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Long COVID hitting some states, minorities, women harder


More than 3 years into the COVID-19 pandemic, lasting symptoms are becoming quite common, with residents of certain states, women, Hispanic people, and transgender people more at risk, a new report shows.

More than one in four adults sickened by the virus go on to have long COVID, according to a new report from the U.S. Census Bureau. Overall, nearly 15% of all American adults – more than 38 million people nationwide – have had long COVID at some point since the start of the pandemic, according to the report.

The report, based on survey data collected between March 1 and 13, defines long COVID as symptoms lasting at least 3 months that people didn’t have before getting infected with the virus.

It is the second recent look at who is most likely to face long COVID. A similar study, published in March, found that women, smokers, and those who had severe COVID-19 infections are most likely to have the disorder

The Census Bureau report found that while 27% of adults nationwide have had long COVID after getting infected with the virus, the condition has impacted some states more than others. The proportion of residents hit with long COVID ranged from a low of 18.8% in New Jersey to a high of 40.7% in West Virginia.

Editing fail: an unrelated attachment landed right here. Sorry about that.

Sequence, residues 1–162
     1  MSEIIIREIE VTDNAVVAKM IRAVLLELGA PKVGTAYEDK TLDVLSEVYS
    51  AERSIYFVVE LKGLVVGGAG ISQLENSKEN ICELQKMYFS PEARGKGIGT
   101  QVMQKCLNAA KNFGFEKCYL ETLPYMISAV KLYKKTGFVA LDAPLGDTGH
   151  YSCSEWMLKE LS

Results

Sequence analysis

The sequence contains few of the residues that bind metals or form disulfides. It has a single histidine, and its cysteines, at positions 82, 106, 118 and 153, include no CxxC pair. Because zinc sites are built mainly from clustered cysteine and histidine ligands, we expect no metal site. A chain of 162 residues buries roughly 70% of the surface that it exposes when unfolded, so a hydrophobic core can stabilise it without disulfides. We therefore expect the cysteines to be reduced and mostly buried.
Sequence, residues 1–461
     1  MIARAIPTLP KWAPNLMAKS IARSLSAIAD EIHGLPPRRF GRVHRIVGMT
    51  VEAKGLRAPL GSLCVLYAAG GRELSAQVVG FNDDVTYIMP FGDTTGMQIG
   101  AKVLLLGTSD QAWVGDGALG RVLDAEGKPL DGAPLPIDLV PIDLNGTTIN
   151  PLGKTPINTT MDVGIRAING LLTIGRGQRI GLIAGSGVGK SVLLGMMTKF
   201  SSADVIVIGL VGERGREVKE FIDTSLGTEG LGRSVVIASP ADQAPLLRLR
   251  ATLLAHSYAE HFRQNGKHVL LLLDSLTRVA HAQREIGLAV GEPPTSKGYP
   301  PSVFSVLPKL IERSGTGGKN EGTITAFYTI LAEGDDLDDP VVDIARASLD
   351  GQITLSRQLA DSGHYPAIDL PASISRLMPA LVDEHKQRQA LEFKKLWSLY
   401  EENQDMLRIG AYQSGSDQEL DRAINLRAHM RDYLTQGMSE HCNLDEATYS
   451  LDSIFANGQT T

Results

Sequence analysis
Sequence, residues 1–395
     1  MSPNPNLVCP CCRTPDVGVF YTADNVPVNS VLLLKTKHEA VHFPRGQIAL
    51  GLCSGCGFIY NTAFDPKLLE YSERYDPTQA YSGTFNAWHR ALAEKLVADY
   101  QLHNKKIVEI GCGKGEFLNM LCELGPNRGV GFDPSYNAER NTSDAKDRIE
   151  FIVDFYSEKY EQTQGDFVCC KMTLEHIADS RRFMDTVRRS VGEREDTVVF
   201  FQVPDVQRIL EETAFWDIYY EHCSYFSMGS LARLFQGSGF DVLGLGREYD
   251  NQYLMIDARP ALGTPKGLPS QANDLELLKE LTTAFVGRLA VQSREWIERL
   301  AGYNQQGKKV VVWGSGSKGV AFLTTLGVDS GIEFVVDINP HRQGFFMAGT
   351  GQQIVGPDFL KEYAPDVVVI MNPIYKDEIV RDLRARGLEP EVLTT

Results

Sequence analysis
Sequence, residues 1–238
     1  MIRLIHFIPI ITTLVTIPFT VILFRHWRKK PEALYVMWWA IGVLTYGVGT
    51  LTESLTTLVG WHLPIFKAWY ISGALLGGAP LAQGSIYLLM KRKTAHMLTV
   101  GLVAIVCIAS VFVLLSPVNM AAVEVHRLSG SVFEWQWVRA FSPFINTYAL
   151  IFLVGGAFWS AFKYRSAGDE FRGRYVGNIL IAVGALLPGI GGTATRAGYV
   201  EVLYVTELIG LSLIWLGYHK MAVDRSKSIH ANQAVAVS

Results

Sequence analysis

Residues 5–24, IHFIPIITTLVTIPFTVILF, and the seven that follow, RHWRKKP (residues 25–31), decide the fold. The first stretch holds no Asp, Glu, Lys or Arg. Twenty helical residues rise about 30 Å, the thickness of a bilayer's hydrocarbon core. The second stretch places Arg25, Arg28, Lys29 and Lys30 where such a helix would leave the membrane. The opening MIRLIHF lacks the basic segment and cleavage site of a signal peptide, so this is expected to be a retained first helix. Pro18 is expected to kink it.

Other states with long COVID rates well below the national average include Alaska, Maryland, New York, and Wisconsin. At the other end of the spectrum, the states with rates well above the national average include Kentucky, Mississippi, New Mexico, Nevada, South Carolina, South Dakota, and Wyoming.

Long COVID rates also varied by age, gender, and race. People in their 50s were most at risk, with about 31% of those infected by the virus going on to have long COVID, followed by those in their 40s, at more than 29%.

Far more women (almost 33%) than men (21%) with COVID infections got long COVID. And when researchers looked at long COVID rates based on gender identity, they found that transgender adults were more than twice as likely to have long COVID than cisgender males. Bisexual adults also had much higher long COVID rates than straight, gay, or lesbian people.

Long COVID was also much more common among Hispanic adults, affecting almost 29% of those infected with the virus, than among White or Black people, who had long COVID rates similar to the national average of 27%. Asian adults had lower long COVID rates than the national average, at less than 20%.

People with disabilities were also at higher risk, with long COVID rates of almost 47%, compared with 24% among adults without disabilities.

A version of this article first appeared on

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